There were changes in margin requirements, changes in the accounting treatment of affiliate transactions, the registration of holding companies, a registration threshold for savings and loan holding companies, a ‘brokerage simplification act,’ a registration exemption for merger and acquisition brokers, a repeal of indemnification requirements for SWAP repositories and clearinghouses, changes to benefit “emerging growth companies,” – an EGC is any company with less than $1 Billion in gross revenue in a given year, extended deadlines for dealing with collateralized loan obligations, and various provisions to make fewer required reports from the financial sector EGC’s to the regulators.   In short, nothing in the bill had anything to do with the garage, the dress shop, or the neighborhood bodega.  This was a bill BY the financial services industry, FOR the financial services industry, or as Minority Leader Pelosi called it, “An eleven bill Wall Street Wish List.”

The good news is that this bill was defeated in the House on January 7, 2014 [rc 9] – the bad news is that the defeat came because the Republican leadership went for expedited passage and Democrats who had previously supported some provisions bailed out on them leaving the leadership without the 282 votes necessary for passage.  [Bloomberg] And, there’s more bad news – next time the Republican leadership won’t make the same error, and the bill will come up in another form, this time requiring only a simple majority.

As the bills come back in resurrected form, perhaps a short glossary of Republican rhetoric is desirable:

Small Business – any private equity or wealth management firm with less than a BILLION dollars in annual revenue.

Job Creation – any bill which allows financial sector (Wall Street) banks to make more money; see “Trickle Down Hoax.”

Burdensome Regulation – any requirement that a private equity or other investment entity doesn’t want to follow, even if it means leaving the public (and investors) in the dark about financial transactions.

Simplification Act – provisions in a bill to make it easier for private equity or any investment/wealth management firm to conceal what it is doing from financial regulators – and from anyone else.

Improving Financing – provisions in a bill to let the Wall Street bankers revert to the old Casino format of complicated, convoluted, and “creative,” financing of the variety best known for crashing and burning in 2007 and 2008.

Encouraging Employee Ownership – a provision in a bill to — “to increase from $5,000,000 to $10,000,000 the aggregate sales price or amount of securities sold during any consecutive 12-month period in excess of which the issuer is required under such section to deliver an additional disclosure to investors. The Commission shall index for inflation such aggregate sales price or amount every 5 years to reflect the change in the Consumer Price Index for All Urban Consumers published by the Bureau of Labor Statistics, rounding to the nearest $1,000,000.”  (This is NOT a joke.)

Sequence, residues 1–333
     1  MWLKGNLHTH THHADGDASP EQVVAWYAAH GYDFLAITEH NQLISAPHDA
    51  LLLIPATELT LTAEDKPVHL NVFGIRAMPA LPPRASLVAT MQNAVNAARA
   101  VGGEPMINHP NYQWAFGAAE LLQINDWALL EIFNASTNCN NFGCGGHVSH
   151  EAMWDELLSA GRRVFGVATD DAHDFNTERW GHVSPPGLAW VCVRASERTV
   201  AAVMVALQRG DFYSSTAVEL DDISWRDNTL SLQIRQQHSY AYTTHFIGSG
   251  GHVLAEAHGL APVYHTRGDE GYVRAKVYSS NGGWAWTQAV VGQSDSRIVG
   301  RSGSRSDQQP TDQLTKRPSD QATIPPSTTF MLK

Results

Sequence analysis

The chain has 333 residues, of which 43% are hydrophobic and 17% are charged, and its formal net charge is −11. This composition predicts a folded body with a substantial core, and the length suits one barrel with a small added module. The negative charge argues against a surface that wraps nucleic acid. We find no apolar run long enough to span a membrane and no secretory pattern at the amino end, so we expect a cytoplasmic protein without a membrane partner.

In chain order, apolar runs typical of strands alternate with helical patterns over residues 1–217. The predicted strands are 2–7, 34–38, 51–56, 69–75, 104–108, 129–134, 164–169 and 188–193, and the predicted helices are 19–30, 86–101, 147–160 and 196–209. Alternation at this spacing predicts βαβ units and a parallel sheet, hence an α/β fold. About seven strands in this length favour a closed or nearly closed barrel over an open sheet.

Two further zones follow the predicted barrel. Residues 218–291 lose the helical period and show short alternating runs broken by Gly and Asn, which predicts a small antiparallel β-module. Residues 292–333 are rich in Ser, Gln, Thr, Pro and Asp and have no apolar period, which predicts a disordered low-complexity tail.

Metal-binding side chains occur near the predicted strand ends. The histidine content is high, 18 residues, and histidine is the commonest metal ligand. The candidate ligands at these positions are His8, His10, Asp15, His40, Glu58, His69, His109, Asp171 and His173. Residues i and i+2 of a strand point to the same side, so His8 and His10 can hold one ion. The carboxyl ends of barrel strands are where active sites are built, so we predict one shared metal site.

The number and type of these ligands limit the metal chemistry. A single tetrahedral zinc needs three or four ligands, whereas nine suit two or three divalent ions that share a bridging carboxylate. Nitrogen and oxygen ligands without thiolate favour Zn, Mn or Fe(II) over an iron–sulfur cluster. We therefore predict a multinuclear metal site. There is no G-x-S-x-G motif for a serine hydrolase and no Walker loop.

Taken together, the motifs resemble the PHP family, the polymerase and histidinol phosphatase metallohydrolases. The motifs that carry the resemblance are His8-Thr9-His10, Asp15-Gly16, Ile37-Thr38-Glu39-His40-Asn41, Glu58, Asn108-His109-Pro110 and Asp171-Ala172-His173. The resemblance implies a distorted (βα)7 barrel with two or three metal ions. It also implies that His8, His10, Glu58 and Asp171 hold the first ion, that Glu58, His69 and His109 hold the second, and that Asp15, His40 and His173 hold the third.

Since the people who want the enactment of these provisions are not satisfied with “all the gold under the moon, or ever has been,” the specifics of H.R. 37 will be resurrected, re-introduced, and the Republicans will seek passage of every item on the Wall Street Wish List.

Voting in favor of the H.R. 37 Wall Street Wish List were Representatives Heck (R-NV3), Amodei (R-NV2), and Hardy (R-Bundy Ranch). Representative Titus voted against the roll back of the Dodd Frank financial regulations reforms.

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Filed under Amodei, Economy, financial regulation, Heck, Titus

Citigroup’s Coup

Citigroup 2

Oh, how those investment bankers deplore the “burdensome,” “onerous” regulations – you know, the ones that prevent them from gambling with money in depositor’s accounts.  And, oh how they’d love to have Freedom to create jobs (their own) … so they got it in the spending bill.  In short, the Christmas gift from the House of Representatives to Wall Street is a spending bill that allows the bankers to privatize their profits and socialize their losses.  If the next round of fun in the Wall Street Casino goes haywire, the taxpayers will be on the hook to bail them out – again.

Senator Elizabeth Warren called the bill the “Citigroup Shutdown,” or ‘let us get out from under the regulations of the Dodd Frank Act – or the government will face a shutdown.’  There might not have been such a blatant  situation since the Beslan School hostage crisis of 2004.  Among those making the demands on behalf of the provision drafted by Citigroup lobbyists was none other than JPMorganChase’s Jamie Dimon.

What’s inside the Christmas Gift from the taxpayers?  A way to get as far as possible from the push-out rule in the Dodd Frank Act.

“Banks hate the push-out rule…because this provision will forbid them from trading certain derivatives (which are complicated financial instruments with values derived from underlying variables, such as crop prices or interest rates). Under this rule, banks will have to move these risky trades into separate non-bank affiliates that aren’t insured by the Federal Deposit Insurance Corporation (FDIC) and are less likely to receive government bailouts. The bill would smother the push-out rule in its crib by permitting banks to use government-insured deposits to bet on a wider range of these risky derivatives.”  [MJ]  (emphasis added)

No longer are insured deposits immune from being put on the table in the Wall Street Casino – there is no ‘Chinese Wall’ between depositors money and the ‘chips’ for the Wall Street traders – there isn’t even a wicker fence between your money and the trading desks.  What could possibly go wrong?